• Marie

Christmas gifts: wrapping responsibly while minimizing waste.

Have you bought your gifts or, better yet, have you made them yourself?

Either way, now is the time to wrap them up! Rolls of non-recyclable wrapping paper invade stores before the holidays, but you can avoid this purchase and find more sustainable alternatives. We've put together some practical tips to give you inspiration.


Choose an eco-friendly wrapping paper:

(sourced from : Pinterest)

All theses glittery and metallic papers contain plastics, so much of that glossy stuff isn’t recyclable. Choose a beautiful kraft type paper, look at the labels: make sure it is recycled and recyclable paper.

Personalise your packaging and let your creativity shine by drawing on them or leaving little sweet words, and consider using compostable paper tape or washi tape (some of these are made with wood fibers and natural adhesives). You can also go tape free by learning the art of tape-free gift wrapping - there are plenty of video tutorials online.

Up-cycle your newspapers and magazines - the ones with the most beautiful illustrations can be used to wrap your gifts. You can also save scraps of wallpaper or beautiful paper towels to wrap your gifts. Or why not use your outdated road maps? It feels great to give something un-used, a second life!

This year we had to do a lot of online shopping, which means that you can reuse one of you delivery parcels instead of buying new boxes - just don't forget to recycle or compost all of that cardboard after Christmas morning.


Glass jars:

A glass jar is also a good zero waste alternative. However, remember to conceal the contents, or if you are offering small items, add coarse salt, sand or semolina to hide your small gift.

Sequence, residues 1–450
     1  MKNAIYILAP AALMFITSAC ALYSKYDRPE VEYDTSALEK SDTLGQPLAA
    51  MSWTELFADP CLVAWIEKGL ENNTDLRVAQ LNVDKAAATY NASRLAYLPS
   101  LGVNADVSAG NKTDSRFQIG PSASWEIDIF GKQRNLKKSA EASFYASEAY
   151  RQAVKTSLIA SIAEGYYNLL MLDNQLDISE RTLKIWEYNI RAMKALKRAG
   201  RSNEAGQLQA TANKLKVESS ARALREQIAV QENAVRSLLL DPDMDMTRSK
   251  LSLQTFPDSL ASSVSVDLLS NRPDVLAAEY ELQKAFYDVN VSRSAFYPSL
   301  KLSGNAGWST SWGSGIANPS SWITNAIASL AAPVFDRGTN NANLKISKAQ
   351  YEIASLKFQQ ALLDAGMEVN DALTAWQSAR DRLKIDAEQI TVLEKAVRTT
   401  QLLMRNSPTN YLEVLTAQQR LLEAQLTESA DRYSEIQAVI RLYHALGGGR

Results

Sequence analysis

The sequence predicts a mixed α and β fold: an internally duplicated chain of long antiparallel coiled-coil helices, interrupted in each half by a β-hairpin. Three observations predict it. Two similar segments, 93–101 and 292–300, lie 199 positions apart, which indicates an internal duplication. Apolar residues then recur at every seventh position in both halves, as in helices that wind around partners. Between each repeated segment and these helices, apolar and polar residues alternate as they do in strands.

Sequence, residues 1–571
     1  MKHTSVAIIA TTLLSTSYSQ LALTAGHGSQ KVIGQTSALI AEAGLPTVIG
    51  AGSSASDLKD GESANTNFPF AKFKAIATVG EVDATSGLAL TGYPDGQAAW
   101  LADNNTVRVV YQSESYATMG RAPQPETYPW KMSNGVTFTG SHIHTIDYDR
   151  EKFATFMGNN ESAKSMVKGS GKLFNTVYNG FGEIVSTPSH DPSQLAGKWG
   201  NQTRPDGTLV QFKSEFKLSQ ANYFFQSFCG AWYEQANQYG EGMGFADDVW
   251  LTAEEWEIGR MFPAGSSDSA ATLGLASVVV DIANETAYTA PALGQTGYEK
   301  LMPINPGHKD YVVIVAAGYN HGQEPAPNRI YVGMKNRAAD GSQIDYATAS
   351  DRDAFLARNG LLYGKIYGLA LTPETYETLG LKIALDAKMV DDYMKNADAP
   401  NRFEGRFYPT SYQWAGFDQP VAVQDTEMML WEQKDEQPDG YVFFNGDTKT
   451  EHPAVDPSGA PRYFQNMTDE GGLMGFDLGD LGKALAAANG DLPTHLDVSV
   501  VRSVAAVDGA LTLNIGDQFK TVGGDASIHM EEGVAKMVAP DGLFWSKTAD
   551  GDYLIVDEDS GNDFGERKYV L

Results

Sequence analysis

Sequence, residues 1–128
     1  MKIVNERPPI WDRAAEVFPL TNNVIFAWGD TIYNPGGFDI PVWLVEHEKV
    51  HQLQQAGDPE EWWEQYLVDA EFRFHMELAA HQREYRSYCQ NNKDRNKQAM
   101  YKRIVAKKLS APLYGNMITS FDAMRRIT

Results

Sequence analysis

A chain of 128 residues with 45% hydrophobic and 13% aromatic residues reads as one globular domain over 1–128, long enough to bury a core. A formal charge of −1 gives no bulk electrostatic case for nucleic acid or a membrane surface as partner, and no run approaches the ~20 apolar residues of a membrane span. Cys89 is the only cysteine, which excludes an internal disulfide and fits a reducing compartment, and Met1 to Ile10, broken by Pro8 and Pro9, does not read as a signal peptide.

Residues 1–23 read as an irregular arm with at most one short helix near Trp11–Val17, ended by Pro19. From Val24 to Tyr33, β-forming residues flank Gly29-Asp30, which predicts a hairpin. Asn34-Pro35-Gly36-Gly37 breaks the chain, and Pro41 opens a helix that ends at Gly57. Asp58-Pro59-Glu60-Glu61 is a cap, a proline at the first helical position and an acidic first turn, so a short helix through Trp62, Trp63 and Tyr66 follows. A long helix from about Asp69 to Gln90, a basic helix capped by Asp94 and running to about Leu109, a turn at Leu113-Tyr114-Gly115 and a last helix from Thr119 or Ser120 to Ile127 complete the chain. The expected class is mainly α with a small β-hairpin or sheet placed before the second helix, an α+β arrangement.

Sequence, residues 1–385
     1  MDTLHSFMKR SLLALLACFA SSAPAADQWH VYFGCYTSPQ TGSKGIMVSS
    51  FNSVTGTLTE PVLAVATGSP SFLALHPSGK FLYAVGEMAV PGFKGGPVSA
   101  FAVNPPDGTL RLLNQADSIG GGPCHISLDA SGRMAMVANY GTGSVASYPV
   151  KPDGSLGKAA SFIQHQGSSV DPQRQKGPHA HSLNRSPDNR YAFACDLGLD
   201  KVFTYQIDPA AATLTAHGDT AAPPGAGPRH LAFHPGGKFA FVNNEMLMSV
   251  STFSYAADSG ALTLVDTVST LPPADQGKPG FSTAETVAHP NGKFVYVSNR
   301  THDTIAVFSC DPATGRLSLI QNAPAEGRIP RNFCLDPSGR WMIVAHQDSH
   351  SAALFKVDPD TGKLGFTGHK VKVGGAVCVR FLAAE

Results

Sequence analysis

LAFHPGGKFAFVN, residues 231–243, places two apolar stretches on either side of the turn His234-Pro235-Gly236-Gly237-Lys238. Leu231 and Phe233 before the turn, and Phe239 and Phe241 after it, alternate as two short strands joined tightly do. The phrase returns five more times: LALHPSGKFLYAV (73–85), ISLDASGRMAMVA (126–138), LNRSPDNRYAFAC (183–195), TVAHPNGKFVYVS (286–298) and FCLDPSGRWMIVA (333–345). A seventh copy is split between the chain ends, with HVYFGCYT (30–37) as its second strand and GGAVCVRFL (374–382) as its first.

(sourced from : Pinterest)

Use Fabric:

There are so many possibilities for gift-wrapping with fabric. Collect old clothes and cut out squares of fabric the size of your gifts. You can also find fabric coupons in thrift stores, or even old scarves. 

Among the Japanese, wrapping is considered an art, by the name of Furoshiki. This involves wrapping objects in a square of fabric using different knotting techniques. You don't need any string or tape to hold the set together, you just have to give it a hand. Have a look!

How to Furoshiki:


What about bows?

Rather than choosing a shiny plastic one, complement your gift with some

flannels or shirt you no longer uses, cut strips as thin or as thin as you'd like, then tie them around your boxes to add some texture to your presents! Or go all natural! Use natural materials like: rosemary branches, cinnamon sticks, pine cones, dry leaves, or dry oranges slices, whatever else you can sustainably source in your area that will bring a lovely rustic look and personal touch.

If finding dried flowers locally is proving tough or you want them delivered directly to your door, we found some beautiful options made especially for gifting over on Astris & Green. But hurry - last orders are this week.


We hope you've enjoyed our guide and have found some inspiration - every little step or change counts when it comes to being more sustainable and eco-friendly.

Happy wrapping, beautiful people!


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